In keeping with tradition, the ol’ race report arrives a week late! Well, more of a brisk walk, but I really do hope this whole walking-my-race-instead-of-running-it will be coming to an end. I want to run, dangit! I want to feel tired, out of breath, I want to pass people, I want to chase those who pass me, I want to feel the victory of crossing the finish line!
One day, I shall return to that. This was not that day.
Let’s start with the Army Ten-Miler (ATM) race expo. Like all race expos, it was all about BUY, BUY, BUY! So much “essential” stuff for enthusiastic runners to buy, all sorts of cutesy, ultra-feminine things (barf) geared towards women. Gag me with a spoon. I went only to get my race packet, which went pretty smoothly, except for one thing: the shirt.
When I got to the t-shirt table, some woman explained that they were out of Women’s X-Small (I didn’t even know that was an option!), Small, and Medium, but that they had a Men’s Small. She looked at me inquiringly, as if she’d given me some kind of option. “Umm, ok, since the alternative is no shirt,” I said. It would have helped (no, actually, it wouldn’t have) if she really had asked a question. Then the stupid look on her face might have made sense. I was really annoyed, because I’d paid a lot of money for this race, as had a lot of other people, several months in advance, and now pretty much all the Women’s t-shirts are gone??!? Unacceptable. I took my ugly, ill-fitting Men’s shirt and pouted my way through the rest of the expo.
And now, race day. This was the first race in several months where it was outright COLD in the morning. I think back to the VA Beach half marathon and how it was so comfortably warm in the morning, only to become steamy through the race.
I don’t know why, but I always feel so sleepy when I wake up on race morning, even though I would definitely be up at that time on a weekday. So my brilliant idea was that, to really wake myself up, and avoid the crush of already-smelly people (yes, runners stink before a race) on the Metro, I would bike to the Pentagon. It was chilly, yes, but the ride itself was nice and easy, since it was all flat or downhill. And that early in the morning, it was really peaceful, just me and the streetlights, and a couple cars here and there. Can’t say I saw anyone else be savvy and bike to the race site.
Once I was there, then I saw the throngs of people, both standing around and spilling out of the Metro (oh I’m so glad I did not ride it). Once I’d given away my bag in Gear Check, I could not wait for the ATM to begin, because I just wanted to start moving! Now, this is a race with thousands, no, tens of thousands of people, so meticulous planning is required to make sure the race, especially the start, does not turn into a nightmare. I would say that the ATM staff did a pretty good job. It helped a lot that I started in my original wave, Wave 4, though I was fully aware of being THAT annoying slow person whom everybody passes. But hey, I didn’t want a completely-bruised ego.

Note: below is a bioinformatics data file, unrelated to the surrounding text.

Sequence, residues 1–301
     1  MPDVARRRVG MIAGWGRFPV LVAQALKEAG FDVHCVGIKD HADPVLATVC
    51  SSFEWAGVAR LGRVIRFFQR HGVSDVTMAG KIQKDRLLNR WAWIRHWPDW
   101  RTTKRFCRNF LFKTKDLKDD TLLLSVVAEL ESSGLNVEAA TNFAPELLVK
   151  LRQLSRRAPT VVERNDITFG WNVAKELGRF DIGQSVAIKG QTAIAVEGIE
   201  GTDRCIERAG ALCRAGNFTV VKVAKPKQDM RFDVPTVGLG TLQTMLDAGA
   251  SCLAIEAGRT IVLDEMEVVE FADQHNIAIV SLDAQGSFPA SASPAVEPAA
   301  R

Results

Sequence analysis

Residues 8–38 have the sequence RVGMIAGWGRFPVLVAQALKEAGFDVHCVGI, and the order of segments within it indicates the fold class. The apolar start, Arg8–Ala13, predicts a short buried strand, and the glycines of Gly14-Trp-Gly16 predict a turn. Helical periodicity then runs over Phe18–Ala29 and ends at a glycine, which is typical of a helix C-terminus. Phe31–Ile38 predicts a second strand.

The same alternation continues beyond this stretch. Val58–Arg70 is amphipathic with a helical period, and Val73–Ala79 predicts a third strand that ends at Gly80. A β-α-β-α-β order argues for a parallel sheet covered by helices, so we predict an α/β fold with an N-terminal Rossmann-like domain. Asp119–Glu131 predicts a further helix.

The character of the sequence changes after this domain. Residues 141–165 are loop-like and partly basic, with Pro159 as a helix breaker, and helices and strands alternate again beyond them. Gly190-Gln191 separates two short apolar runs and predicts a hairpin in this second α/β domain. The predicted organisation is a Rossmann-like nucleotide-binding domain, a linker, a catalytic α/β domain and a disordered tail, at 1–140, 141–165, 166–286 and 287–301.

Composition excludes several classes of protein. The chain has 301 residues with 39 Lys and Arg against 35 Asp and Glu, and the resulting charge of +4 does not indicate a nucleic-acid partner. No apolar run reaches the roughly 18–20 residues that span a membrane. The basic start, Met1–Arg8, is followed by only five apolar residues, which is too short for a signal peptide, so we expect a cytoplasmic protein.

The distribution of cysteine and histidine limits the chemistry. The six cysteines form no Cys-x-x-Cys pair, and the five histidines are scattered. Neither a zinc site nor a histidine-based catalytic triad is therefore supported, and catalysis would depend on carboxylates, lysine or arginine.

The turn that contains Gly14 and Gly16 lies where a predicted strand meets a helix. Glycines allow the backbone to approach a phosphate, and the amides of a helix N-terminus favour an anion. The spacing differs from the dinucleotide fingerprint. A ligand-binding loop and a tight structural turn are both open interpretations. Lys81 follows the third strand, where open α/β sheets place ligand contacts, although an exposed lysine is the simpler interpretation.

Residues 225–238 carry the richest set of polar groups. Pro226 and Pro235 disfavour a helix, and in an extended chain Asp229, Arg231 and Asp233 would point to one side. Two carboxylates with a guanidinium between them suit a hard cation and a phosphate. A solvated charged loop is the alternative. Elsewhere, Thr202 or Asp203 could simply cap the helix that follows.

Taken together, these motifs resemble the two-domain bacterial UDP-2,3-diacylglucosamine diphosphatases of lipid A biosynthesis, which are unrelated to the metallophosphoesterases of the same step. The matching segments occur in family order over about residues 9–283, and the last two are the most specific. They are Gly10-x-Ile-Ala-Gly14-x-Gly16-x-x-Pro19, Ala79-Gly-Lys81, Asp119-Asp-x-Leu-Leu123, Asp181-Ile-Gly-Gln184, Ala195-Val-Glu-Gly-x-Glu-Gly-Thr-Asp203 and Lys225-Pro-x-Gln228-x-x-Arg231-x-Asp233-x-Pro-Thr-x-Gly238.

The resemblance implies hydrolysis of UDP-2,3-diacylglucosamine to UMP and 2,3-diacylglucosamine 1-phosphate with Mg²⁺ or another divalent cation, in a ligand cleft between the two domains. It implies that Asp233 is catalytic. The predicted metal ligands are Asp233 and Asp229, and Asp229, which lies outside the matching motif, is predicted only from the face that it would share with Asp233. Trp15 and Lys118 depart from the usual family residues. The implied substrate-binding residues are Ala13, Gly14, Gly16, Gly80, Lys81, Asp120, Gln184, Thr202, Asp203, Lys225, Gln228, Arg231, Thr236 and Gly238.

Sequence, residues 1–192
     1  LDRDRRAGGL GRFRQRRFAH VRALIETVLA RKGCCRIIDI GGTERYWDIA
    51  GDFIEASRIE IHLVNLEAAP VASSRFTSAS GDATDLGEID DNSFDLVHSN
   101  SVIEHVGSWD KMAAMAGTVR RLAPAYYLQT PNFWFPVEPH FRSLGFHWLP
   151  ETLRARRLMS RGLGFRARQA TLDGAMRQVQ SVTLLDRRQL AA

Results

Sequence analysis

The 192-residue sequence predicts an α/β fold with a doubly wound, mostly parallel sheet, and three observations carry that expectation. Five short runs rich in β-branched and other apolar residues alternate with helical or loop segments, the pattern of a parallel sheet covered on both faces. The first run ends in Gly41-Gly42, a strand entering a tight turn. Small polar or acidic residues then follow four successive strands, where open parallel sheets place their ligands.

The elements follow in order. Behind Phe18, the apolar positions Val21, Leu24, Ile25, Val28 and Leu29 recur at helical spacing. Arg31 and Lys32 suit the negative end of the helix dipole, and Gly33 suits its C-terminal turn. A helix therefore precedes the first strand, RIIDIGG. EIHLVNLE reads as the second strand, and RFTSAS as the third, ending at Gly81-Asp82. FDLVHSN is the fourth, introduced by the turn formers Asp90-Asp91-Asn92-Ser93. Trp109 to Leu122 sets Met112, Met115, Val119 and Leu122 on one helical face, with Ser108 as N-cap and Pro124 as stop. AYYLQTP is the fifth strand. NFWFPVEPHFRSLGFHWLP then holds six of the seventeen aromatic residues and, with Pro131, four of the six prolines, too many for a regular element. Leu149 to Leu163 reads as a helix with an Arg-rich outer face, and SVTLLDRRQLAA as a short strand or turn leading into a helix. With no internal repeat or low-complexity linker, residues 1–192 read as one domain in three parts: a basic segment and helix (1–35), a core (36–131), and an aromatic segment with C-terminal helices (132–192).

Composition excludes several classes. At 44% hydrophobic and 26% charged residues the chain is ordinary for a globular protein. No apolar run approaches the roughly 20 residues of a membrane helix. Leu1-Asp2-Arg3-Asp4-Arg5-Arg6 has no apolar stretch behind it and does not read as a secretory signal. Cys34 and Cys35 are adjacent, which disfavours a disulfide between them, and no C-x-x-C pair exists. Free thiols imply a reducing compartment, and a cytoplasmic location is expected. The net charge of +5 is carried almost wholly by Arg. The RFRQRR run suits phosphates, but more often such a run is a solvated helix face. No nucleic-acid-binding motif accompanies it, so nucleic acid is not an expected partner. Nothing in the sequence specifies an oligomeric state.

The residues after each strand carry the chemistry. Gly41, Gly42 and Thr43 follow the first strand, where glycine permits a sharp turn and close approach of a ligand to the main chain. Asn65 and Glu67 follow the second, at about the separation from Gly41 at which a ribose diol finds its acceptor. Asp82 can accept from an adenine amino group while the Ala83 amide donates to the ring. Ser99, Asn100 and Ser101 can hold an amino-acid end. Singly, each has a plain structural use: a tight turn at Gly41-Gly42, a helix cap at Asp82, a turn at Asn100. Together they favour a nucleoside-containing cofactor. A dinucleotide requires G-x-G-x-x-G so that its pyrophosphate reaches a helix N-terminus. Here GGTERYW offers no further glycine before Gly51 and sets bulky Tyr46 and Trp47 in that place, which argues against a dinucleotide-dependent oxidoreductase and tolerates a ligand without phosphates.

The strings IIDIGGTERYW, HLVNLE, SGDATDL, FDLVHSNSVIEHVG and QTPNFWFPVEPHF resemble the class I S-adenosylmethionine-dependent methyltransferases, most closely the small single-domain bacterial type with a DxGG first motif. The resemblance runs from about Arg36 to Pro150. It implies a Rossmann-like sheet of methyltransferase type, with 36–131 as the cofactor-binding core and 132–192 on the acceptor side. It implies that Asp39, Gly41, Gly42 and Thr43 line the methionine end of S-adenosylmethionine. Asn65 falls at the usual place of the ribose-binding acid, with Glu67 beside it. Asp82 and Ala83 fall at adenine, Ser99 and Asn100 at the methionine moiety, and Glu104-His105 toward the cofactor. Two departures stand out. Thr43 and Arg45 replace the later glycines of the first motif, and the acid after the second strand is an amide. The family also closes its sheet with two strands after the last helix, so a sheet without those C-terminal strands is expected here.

I was carrying a water bottle with me, so I didn’t need to slow down (haha) at any of the aid stations, other than to dodge other races and the multitude of cups on the road. When you’re going to have 26,000 people coming through each aid station, it can be hard to keep it stocked in a timely manner, but I think the volunteers all did a good job.
I like that when I was around Mile 8, going over the bridge from DC back into VA, one guy said to me, “You’re not even sweating!” To which I responded, “This is EEEASY!” Even though I was just walking, I wasn’t going to waddle along like it was a walk in the part, Oh no. I still intended to get some exercise out of it.
When I finally finished, in over two hours (hangs head), my Garmin had recorded me as having traversed 10.11 miles, to give me a pace of 13:27/mile. Wowee, I didn’t know I could walk that fast! That’s even faster than my pace for the Philadelphia half marathon. Well, I don’t plan on becoming a professional racewalker. Just so we’re all clear, I’d rather be running.
I did happen to run into a couple friends at the end, which was nice. As we headed back towards Gear Check/Metro, we saw humongous piles of clothing. These were the jackets, long-sleeved tees, etc. discarded by runners, which are normally rounded up and donated to charity. But I guess the ATM wanted the racers to have first dibs, so it was funny to see people wading through piles of other people’s clothing, looking for a steal. I jokingly said that I was looking for a Women’s Small lululemon jacket. Surprise, I didn’t find one! I did let myself get talked into a large cycling jacket, which I’ve washed and is now sitting in my dryer. But I’ve had second thoughts and I don’t actually want to wear it, so I’ll re-donate it!
Anyways, it was time to go home. One benefit to walking was that my legs still had plenty of energy to pedal my bike, uphill, back home. It was nice to have a race so close by, only a five-mile ride. And then I relaxed for the rest of the day, but it was still only day 3 of my four-day weekend, yay!